A bipartisan bill introduced in the U.S. Senate that would create a corporate tax holiday has given backers hope the idea is gaining momentum.
Supporters say providing a window allowing U.S. multinational corporations to bring offshore funds back to the United states at a low rate not only would infuse the U.S economy with capital but also is one of the few bills on Capitol Hill that enjoys bipartisan support, The Hill reported Friday.
"In this day and age of non-stop partisanship, we have brought together a lot of folks who rarely agree. That really speaks to the power of the issue and the growing momentum behind our campaign," an adviser for the pro-repatriation group WIN America Campaign told The Hill.
Conversely, some tax observers note some in the business sector are concerned a tax holiday would draw attention from the larger goal of tax reform.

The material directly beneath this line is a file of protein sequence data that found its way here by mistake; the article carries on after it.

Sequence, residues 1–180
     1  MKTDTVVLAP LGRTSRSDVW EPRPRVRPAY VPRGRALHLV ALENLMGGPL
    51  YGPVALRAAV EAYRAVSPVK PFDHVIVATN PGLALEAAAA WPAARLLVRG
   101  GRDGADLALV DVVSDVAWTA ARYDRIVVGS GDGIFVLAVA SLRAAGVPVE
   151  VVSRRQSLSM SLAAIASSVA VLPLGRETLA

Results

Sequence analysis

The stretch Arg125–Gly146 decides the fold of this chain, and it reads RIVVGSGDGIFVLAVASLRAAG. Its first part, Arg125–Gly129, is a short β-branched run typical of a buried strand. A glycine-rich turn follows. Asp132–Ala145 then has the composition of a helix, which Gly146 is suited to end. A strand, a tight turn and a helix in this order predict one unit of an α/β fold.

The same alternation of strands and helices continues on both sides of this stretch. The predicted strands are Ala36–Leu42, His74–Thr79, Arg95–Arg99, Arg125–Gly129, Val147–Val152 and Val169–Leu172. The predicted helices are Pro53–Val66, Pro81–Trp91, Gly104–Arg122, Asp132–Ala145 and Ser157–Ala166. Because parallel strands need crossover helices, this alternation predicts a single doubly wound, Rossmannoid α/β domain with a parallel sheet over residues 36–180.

Among other things, the bill would give corporations a chance to pay a 5.25 rate on repatriated funds, representing an 85 percent reduction from the current top corporate rate of 35 percent, The Hill said. It also includes penalties for companies that lay off employees while taking advantage of the holiday.
On Thursday, Sen. John McCain, R-Ariz., who is sponsoring the Senate version with Sen. Kay Hagan, D-N.C., said supporters would try to attach the measure to President Obama's jobs package.
The McCain-Hagan bill is one of several corporate tax holiday bills circulating in both chambers.